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I'm delighted you would do this for an old friend, Sean.
An old friend stayed with us for a couple days. She is currently really into past life regression and psychic phenomenon and was in Rhinebeck, New York at past life regression training seminar. She knows that I am extremely skeptical of such things, but she wanted to convince me, so I made a deal with her that in exchange for her reading Carl Sagan's "The Demon Haunted World", I would read "Many Lives, Many Masters" by Brian L. Weiss, M.D., a former psychiatrist turned author, speaker, and trainer on the topic of reincarnation who was also the one who was getting paid to run the retreat she had attended.  (Pictured here with Oprah!)

The book that my friend found so convincing describes Weiss' first encounter with a female patient who demonstrated psychic powers and related stories from her past lives and sage wisdom from ascended spirits under hypnosis - this was the landmark case that convinced him such things were real and started him on this new career path.

I didn't expect to find this book particularly interesting. My expectation was that it would be a lot of anecdotal evidence with nothing tell-tale or verifiable, one way or another. But on page 44, I actually found a real gem that is worth sharing. This is where Weiss first starts to believe it might all be real:

On one occasion, when her parents came to visit her, her father expressed tremendous doubt about what was happening. To prove to him that it was true, she took him to the race track. There, right before his eyes, she proceeded to pick the winner of every race. He was stunned. Once she knew that she had proved her point, she took all the money that she had won and gave it to the first poor streetperson she had met on her way to the track. She intuitively felt that the new spiritual powers she had gained should not be used for financial reward...

I was both shocked and fascinated by her psychic abilities, especially the episode at the race track. This was tangible proof. She had the winning ticket to every race. This was no coincidence. Something very odd was happening over these past several weeks, and I struggled to keep my perspective. I could not deny her psychic abilities. And if these abilities were real and could produce tangible proof, could her recitation of past-life events also be true?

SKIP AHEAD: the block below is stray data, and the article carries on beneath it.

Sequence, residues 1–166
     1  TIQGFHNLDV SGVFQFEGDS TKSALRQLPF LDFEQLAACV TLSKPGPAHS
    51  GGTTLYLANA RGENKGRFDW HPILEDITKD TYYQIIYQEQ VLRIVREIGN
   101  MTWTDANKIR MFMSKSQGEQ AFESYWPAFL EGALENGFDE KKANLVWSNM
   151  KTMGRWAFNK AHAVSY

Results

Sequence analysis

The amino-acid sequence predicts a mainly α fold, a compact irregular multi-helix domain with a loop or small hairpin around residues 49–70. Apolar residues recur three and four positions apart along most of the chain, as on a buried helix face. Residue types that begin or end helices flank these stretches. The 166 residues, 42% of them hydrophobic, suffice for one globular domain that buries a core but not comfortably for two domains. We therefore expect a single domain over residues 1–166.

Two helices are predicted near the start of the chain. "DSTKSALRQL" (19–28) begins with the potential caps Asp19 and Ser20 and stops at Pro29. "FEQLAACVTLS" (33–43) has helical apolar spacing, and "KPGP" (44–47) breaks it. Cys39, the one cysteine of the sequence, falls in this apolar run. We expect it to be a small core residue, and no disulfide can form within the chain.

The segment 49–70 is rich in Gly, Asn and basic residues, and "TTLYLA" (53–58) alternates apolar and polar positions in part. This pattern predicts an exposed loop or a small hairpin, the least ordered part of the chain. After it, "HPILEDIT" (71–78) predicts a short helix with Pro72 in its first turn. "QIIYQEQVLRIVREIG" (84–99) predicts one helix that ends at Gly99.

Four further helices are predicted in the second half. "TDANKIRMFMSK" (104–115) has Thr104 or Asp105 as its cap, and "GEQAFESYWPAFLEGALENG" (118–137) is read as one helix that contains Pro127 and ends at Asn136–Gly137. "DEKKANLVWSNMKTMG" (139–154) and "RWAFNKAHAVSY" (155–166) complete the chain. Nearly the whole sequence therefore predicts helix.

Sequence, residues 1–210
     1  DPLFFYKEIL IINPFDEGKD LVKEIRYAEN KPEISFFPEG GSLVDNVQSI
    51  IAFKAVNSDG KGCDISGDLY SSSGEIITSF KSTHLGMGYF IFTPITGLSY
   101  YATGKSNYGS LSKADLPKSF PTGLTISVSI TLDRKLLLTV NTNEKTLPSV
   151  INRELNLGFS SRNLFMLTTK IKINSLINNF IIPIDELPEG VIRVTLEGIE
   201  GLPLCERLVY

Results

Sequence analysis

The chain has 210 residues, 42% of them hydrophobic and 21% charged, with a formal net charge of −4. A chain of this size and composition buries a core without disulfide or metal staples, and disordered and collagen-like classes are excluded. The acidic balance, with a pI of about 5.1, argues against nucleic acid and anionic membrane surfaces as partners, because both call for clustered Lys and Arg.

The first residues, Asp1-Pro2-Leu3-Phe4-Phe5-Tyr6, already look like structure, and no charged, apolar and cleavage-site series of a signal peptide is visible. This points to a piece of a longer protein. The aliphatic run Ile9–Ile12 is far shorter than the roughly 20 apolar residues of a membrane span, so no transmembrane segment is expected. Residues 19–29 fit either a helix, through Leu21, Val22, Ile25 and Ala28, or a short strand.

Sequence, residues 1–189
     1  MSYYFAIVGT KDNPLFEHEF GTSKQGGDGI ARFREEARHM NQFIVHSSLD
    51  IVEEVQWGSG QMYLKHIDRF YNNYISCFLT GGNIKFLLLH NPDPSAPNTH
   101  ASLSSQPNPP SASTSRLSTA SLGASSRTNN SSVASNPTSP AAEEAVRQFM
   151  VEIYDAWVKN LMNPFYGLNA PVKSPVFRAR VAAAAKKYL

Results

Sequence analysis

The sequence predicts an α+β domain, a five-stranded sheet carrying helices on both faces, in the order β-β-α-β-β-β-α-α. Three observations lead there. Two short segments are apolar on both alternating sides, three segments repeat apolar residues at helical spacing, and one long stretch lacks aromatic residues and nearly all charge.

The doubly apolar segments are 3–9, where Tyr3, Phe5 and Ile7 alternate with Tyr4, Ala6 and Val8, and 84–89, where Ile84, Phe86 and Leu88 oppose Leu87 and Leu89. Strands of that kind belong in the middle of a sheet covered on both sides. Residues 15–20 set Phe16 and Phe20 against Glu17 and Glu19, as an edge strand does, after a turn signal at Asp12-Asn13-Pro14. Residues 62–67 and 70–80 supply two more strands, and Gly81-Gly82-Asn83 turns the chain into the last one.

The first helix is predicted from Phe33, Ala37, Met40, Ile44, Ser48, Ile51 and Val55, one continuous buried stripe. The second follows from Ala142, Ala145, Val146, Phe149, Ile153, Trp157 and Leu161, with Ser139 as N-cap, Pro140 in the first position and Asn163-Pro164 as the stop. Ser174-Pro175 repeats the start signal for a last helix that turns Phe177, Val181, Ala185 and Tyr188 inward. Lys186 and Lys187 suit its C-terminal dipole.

Imagine my surprise at seeing the old grifter Horse Tout Con appear in writing as the initial convincing proof of paranormal phenomenon that changed a man's professional career! He must have really believed in it at the time he wrote the book, or he would never have related this fairly well known con as being his first convincing proof. Do you think he ever figured it out? Has no one told him?

How it works is really simple. You tell the mark that you have inside information on fixed races, or that you are just really good at picking horses, or that you are psychic... But you are not rich because if you are seen playing the horses the wise guys will have you beaten or killed, or that you can't use your psychic gifts directly for gain, or whatever. But you offer to sell your picks for a single days racing for a one time fee of LARGE SUM that would  be much less than the expected return of the pick six. For proof that you can deliver, you can show winning bets on every one of yesterdays races! (This is often combined with some version of the Pigeon Drop if the mark does not want to give up control of the money before seeing the pay off.)

So how do you obtain the winning tickets that represent the "proof"? Simple. You just bet every horse in every race every day before you want to work the con.

This isn't even a seriously losing proposition. In fact, if a few longshots come in, you can actually make money betting the whole field. Pull up the race results at any track and do the math yourself and you will see how cheap it really is.  Yesterday at Saratoga:

2 dollar bets
Race 1 - 9 horse costs $18 - win paid $26.40 =  + $8.40
Race 2 - 7 horses cost $14 - win paid $15 = + $1.00
Race 3 - 6 horses costs $12 - win paid $5.90 = - $6.10
Race 4 - 9 horses costs $18 - win paid $13.20 = - $4.80
Race 5 - 7 horses cost $14 - win paid  $6.40 = - $7.60
Race 6 - 11 horses costs $22 - win paid $23.60 = + $1.60
Race 7 - 10 horses costs $20 - win paid $4.70 = - 15.30
Race 8 - 4 horses costs $8 - win paid $12.20 = + 4.20

Cost of making the necessary sixty-three $2 horse bets is $126 and result = - $18.60

This is (not coincidentally) almost exactly the 15% vig that the track takes on each bet. So for less than $20 you too can convince a medical doctor to give up on science and become a newage guru!

#pastliferegression #pastliferegressiontherapy   #pastlives   #hypnotherapy   #skepticism #conartist  
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I will be giving a talk this evening at MIT on (In)Security in Home Embedded Devices.
It  will be similar to the Berkman talk I gave earlier this week, though I expect a bit less on the policy and more on the practical side.
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Refreshing release notes from Trello
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Chasing a turkey in Battery Park